the controversy that tears France apart

A supermarket chain raised a national controversy by offering the baguette at 0.29 euros, the third of what comes out in a traditional bakery. Farmers’ and bakers’ unions, as well as political leaders, shouted to the heavens for the “shameful” initiative, at a time when purchasing power is one of the main concerns of the French.

In France, you don’t play with bread, and less with the baguette, national gastronomic heritage and inflation thermometer for the pocket of the citizen. For this reason, when the Leclerc group announced this week that it would offer in its supermarkets, and for four months, the baguette at 0.29 euros (a third less than what it costs in the traditional bakery on the corner), the reactions were not they made you wait.

For the economic sector that depends on wheat it was a declaration of war. Grain producers, millers and bakers, as well as the FNSEA, the main agricultural union, denounced in a joint press release “prices that deliberately destroy values”.

They were outraged by a “demagogic” ad at a time when “the prices of cereals, and therefore of flour, are high, production costs (salaries, etc.) increase considerably and the average price of a baguette in France in 2021, according to INSEE (the French national statistical institute), it will be 0.90 euros“.

The baguette, national gastronomic heritage of France. Photo: AFP

“We try to preserve jobs and quality, but this comes at a cost: we have to pay properly to the people involved, to those who plant, harvest, assemble the grains and make the flour, and to those who make the bread. What Leclerc is doing is shameful,” Jean-François Loiseau, president of the French National Millers Association, told AFP.

Since wheat prices have risen about 30% in a year, Loiseau wonders “where does the Leclerc group buy its flour” and “with what products is it going to compensate”.

“Mr. Leclerc will have to explain to us how and how much do you pay bakers with a 29-cent baguette,” reacted Christiane Lambert, head of the FNSEA.

Tasting baguettes in Paris. Photo: AFP Tasting baguettes in Paris. Photo: AFP

For his part, the leader of the business group justified his commercial measure at a time when “flour suppliers have invoked the rise in the price of wheat to request considerable increasesLeclerc defended before the media his choice of a “star product”, “inflation marker”, as he had done with fuel a few months ago.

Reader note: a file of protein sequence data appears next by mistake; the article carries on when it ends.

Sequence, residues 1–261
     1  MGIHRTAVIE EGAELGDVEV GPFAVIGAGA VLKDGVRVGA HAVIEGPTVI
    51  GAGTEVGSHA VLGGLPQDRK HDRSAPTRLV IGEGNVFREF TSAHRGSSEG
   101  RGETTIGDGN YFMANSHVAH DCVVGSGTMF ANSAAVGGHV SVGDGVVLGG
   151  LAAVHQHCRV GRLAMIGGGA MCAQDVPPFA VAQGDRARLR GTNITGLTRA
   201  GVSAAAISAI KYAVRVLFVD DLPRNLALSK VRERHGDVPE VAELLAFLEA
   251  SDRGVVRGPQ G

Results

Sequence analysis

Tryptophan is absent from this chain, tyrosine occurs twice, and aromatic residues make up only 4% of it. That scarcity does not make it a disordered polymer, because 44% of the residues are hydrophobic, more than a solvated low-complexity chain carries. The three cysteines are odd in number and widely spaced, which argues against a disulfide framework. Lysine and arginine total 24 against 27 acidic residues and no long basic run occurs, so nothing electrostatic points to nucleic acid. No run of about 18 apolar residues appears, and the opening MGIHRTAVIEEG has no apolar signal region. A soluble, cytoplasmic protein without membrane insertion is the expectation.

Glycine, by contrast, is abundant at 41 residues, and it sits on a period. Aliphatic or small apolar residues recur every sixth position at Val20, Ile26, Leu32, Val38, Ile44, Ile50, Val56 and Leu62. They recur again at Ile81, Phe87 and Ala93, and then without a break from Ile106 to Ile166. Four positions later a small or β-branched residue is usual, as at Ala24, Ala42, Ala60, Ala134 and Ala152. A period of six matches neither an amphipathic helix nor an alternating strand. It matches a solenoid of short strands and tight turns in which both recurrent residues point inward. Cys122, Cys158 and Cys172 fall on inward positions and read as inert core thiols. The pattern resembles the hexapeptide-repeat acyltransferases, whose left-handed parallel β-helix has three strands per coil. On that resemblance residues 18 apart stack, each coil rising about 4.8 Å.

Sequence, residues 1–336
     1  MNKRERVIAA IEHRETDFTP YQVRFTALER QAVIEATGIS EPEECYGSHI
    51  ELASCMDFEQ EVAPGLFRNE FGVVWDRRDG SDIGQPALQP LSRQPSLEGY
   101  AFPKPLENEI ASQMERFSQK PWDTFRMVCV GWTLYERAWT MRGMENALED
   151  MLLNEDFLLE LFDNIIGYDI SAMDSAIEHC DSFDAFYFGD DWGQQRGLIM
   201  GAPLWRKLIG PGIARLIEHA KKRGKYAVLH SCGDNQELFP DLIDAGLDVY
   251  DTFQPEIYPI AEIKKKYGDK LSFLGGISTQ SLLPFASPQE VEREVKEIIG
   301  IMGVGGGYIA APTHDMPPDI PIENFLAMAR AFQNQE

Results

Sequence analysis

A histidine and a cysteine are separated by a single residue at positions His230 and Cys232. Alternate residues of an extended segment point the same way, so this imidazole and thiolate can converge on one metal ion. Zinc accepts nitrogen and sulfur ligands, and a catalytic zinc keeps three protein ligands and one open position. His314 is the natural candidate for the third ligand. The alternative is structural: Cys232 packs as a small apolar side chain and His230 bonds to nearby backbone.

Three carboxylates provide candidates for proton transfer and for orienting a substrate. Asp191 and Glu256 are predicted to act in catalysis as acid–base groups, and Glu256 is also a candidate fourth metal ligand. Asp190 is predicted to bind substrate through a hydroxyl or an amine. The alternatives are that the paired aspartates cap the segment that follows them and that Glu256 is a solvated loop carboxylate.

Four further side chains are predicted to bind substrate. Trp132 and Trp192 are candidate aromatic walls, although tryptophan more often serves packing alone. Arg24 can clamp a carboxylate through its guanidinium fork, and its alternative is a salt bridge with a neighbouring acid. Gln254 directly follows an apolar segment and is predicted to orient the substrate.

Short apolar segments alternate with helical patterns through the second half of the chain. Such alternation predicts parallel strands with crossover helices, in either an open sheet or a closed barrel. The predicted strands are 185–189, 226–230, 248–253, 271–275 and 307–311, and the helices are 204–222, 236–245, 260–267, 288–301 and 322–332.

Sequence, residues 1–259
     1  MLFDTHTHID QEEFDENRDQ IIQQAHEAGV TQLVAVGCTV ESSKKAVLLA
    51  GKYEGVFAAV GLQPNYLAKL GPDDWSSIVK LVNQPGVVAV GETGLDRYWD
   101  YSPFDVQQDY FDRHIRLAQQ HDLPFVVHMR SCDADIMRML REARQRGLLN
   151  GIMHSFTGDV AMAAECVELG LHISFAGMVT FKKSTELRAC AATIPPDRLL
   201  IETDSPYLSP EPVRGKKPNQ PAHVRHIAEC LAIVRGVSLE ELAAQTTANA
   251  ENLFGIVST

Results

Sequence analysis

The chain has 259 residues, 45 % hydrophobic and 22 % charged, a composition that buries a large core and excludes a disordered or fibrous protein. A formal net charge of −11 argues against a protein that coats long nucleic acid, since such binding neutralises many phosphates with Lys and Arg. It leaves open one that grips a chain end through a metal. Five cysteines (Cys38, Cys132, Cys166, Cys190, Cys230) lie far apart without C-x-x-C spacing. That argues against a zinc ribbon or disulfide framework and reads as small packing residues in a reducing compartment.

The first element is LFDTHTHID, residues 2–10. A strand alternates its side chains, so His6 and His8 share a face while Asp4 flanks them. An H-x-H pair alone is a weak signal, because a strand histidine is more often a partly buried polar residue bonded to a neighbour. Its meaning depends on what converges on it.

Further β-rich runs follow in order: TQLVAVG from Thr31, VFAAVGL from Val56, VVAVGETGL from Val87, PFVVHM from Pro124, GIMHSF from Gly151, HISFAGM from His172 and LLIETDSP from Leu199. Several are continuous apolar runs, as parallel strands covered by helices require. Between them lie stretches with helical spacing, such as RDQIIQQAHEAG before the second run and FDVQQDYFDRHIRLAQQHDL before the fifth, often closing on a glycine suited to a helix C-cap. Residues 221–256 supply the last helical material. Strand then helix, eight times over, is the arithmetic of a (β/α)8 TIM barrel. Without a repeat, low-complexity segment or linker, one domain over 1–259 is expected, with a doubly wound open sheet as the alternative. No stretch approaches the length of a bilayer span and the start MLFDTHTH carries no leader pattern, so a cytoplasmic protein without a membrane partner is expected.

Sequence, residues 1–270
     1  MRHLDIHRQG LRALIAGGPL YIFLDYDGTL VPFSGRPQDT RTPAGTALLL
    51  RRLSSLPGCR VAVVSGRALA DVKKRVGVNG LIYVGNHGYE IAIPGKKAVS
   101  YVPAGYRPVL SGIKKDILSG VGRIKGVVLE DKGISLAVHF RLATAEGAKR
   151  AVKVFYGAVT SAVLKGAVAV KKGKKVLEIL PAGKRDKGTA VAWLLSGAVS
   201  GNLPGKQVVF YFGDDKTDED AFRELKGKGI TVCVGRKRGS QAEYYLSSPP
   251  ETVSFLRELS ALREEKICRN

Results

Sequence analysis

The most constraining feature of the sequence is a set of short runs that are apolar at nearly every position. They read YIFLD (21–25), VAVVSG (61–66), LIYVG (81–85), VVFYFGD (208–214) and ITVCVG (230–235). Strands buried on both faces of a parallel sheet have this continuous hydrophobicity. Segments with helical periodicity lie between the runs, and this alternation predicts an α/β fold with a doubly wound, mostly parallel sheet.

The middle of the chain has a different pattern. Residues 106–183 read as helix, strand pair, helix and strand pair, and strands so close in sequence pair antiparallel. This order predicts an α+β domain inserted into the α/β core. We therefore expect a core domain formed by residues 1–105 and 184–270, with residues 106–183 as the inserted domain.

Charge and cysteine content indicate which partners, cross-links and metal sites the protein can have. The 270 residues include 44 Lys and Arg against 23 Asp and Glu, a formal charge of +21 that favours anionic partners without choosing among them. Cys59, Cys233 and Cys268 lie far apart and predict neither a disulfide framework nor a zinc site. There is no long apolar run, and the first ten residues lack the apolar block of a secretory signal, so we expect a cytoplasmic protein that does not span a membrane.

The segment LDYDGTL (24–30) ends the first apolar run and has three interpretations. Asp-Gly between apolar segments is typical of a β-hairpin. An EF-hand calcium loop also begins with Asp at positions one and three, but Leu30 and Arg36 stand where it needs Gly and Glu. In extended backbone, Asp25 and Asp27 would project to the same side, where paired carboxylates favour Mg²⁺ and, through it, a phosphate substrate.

“Extremely dangerous”

A three months of the presidential elections, all take sides in the controversy, which affects the French idiosyncrasy.

“Is extremely dangerous -judged the conservative presidential candidate, Valérie Pécresse- because we know that the Leclerc centers will make up for it in the rest of the cart. It’s not really a measure of purchasing power, it’s a product called to take customers to the store, and then there will be products that will be more expensive and thus recover their margin elsewhere.

On the other side of the political spectrum, leftist leader Jean-Luc Mélenchon also denounced the initiative. “Obviously, it is a sale at a loss. It will result in the creation of a new detrimentwill lead bakers and confectioners to ruin, that only increases in energy and materials can affect their prices”, said Mélenchon.

The value of the baguettes are also an indicator of inflation. Photo: AFP The value of the baguettes are also an indicator of inflation. Photo: AFP

Price control in France?

Amid the controversy and the inflationary context, the National Assembly on Thursday rejected a bill proposed by Mélenchon, which intended to block certain prices in case of “social emergency”.

The presidential candidate of France Insumisa and deputy for Bouches-du-Rhône ardently defended his text for price freeze energy (gas, electricity, fuels) and five fruits and vegetables seasonal, in the face of accelerating inflation.

Industry Minister Agnès Pannier-Runacher said the bill was “a bad answer to a good question”. He underlined the risks of blocking the economy and the black market, as in Venezuela, country often cited by Jean-Luc Mélenchon.

“We are not going to take the conservative ideas out of the basement or the old Marxist recipes out of the attic,” said Deputy Guillaume Kasbarian, of the ruling party La República en Marcha.

By Editor

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